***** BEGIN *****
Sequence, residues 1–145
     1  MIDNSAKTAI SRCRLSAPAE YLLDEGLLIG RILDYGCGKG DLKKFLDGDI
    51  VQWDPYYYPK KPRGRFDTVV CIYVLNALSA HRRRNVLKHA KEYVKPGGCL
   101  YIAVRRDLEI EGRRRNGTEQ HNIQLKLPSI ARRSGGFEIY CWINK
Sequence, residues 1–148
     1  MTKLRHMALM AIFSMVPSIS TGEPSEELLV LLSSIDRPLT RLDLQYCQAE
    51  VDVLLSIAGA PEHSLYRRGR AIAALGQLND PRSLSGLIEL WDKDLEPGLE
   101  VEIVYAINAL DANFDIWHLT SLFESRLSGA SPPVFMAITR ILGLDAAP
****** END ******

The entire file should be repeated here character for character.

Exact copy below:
Sequence, residues 1–145
     1  MIDNSAKTAI SRCRLSAPAE YLLDEGLLIG RILDYGCGKG DLKKFLDGDI
    51  VQWDPYYYPK KPRGRFDTVV CIYVLNALSA HRRRNVLKHA KEYVKPGGCL
   101  YIAVRRDLEI EGRRRNGTEQ HNIQLKLPSI ARRSGGFEIY CWINK
Sequence, residues 1–148
     1  MTKLRHMALM AIFSMVPSIS TGEPSEELLV LLSSIDRPLT RLDLQYCQAE
    51  VDVLLSIAGA PEHSLYRRGR AIAALGQLND PRSLSGLIEL WDKDLEPGLE
   101  VEIVYAINAL DANFDIWHLT SLFESRLSGA SPPVFMAITR ILGLDAAP